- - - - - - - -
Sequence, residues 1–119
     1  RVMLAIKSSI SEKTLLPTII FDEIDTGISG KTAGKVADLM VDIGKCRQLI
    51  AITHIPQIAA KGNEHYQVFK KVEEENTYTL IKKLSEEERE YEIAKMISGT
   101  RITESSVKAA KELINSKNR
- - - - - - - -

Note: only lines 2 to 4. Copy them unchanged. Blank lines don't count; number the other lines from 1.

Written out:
     1  RVMLAIKSSI SEKTLLPTII FDEIDTGISG KTAGKVADLM VDIGKCRQLI
    51  AITHIPQIAA KGNEHYQVFK KVEEENTYTL IKKLSEEERE YEIAKMISGT
   101  RITESSVKAA KELINSKNR